In 1995, I bought a Motorola V.34 modem, plugged it into my Escom P60 (Pentium 60MHz, 16meg RAM, 540*Mega*byte hard disk) and went online.
A lot has changed in ten years.
Back then, my first point of contact with the net was Compuserve and their user groups. I quickly moved on from there to the wild, open spaces of Usenet. Ahh, golden days! Hanging out on alt.geek, uk.music.alternative, rec.arts.sf. Yeah, there were crossposters and flaming, spammers and nutters but Usenet in the ’90s was a million miles from the world of easy-access web forums we live in now, where anyone with half a brain can click and post streams of shite. If that sounds elitist, it is: I’m prejudiced against dickheads.
I did an essay for Uni in ’96 and here’s a screengrab of Usenet at its finest:
A lot of posts about Kevin Mitnick, as you’d expect. Back then, the net as a whole was a lot geekier. It wasn’t the massive, rolling juggernaut it is now, bulldozering into almost every aspect of modern life. Ten years ago, if someone told you they were on the net, you could pretty much be certain they were a fellow geek. Nowadays, it’s about as unusual as having a mobile phone. Maybe in ten years time, people who aren’t online will be regarded as freaks in the same way as people who don’t have televisions now are.
Here’s how the number of people online has grown in the last ten years:
What an incredible increase, from 16 million to nearly one thousand million, from 0.4% to 14.6% of the world on online.
Of course, net uptake is still hugely skewed towards the rich countries. But what will happen in the future? I think it’s pretty obvious that internet access in the future will be through wi-fi WANs. We’ll regard our old access via home cable TAs and ADSL boxes as nostalgically as I do my v.34 modem.
The cost of providing this infrastructure will be enormous but I think it’ll be absorbed by government. We would worry about which ISP we’re with / how we connect to the net as much as we now worry about streetlighting. The net will be ubiquitous and free at point of purchase (which is definitely not the same as free). Whether the funding comes via taxation (as for streetlights) or private enterprise (as in non-BBC radio and TV), I don’t know. Personally, I think access to the net will become such an everyday part of future life that only a government determined to hobble its populace would leave internet access to the anarchy of the market. As the price of tech comes down, the poor countries will finally come online and the net will lose the English/American parochialism it now has.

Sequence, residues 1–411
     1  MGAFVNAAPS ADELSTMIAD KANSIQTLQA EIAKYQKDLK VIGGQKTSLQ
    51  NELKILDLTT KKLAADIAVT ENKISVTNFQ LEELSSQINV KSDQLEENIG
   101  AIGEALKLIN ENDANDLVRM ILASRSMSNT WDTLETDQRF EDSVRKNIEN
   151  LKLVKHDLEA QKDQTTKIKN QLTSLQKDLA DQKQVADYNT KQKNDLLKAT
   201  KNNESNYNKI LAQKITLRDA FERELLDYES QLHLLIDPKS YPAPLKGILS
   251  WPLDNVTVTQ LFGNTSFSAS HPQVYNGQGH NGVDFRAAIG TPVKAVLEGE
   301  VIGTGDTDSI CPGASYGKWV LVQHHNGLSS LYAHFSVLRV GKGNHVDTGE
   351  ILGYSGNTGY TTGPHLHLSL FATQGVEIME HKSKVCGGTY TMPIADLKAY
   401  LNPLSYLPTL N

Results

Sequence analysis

Just yesterday, I found this excellent new tech demo via Digg. Go and have a look.
You back? Okay.
It’s 2015. You’re walking round Derby, up Sadlergate towards the Guildhall. You’ve got your net shades on or perhaps you’re vain and wear contacts. As you look around, you interface wirelessly with the net via your watch/music player/GPS. You don’t need anything as bulky or old tech as an iPod. You listen to your own music collection legally via a future version of Last.fm – it’s streamed from their servers, why would you want to carry the data around with you?
As you see people approaching, some of them allow you to see their public glyphs. Imagine something like a MySpace or Friendster profile that pops up when you glance their way, hovering a foot above them or next to them if there’s room. Of course, there’s nothing there in the physical world: it’s data abstracted from the net and then mapped onto your shades/contacts via a future version of that software dugg above. Can you imagine how this would enhance flirting? If you’re a pretty boy/girl/neuter, you’d probably get bored with the amount of saucy IMs beamed at you as you stroll round town. Remember, any advance in tech is first used for sex, it’s our favourite activity.
As you get to in front of where the Assembly Rooms used to be before it was burnt down by a clutch of escaped gentech dragons in 2010, you see a commotion ahead. An enormous Pac Man the size of a bus appears to be racing across the square. Some bloody kids have have hacked the council’s 3D image servers and pasted some retro imagery into the public access viewspace.
Note: the real world, unassisted by the net, looks the same. In fact, it’s duller than before. Why should shops and banks spend money on flashy plastic signs when they can stick an electronic facade up on the net? It’s easily updated, never wears out and can’t get encrusted with pigeon shit.
If the above sounds like sci-fi lunacy, bear in mind how much the net has changed our lives in the last decade. How many kids running round now wouldn’t have existed without net romances? How much shopping have you done on the net? Ebay and Amazon are ordinary words now in our everyday conversations.
On a global level, how much is the huge antiwar movement that’s mobilised against Bush a product of the net? I know that in Gulf War I, information was much harder to access than now when it’s one click away.
The downside will be our loss of anonymity. Total strangers will be able to do the future equivalent of Googling us anywhere at any time. Do you really want people you don’t even know sniffing at your naff musical taste as they pass you in the street? What about the access to your data the police and government will have? It’ll make the current furore over ID cards seem quaint.
I have no idea whether any of my predictions will come true.
But I know the next ten years are going to be very interesting.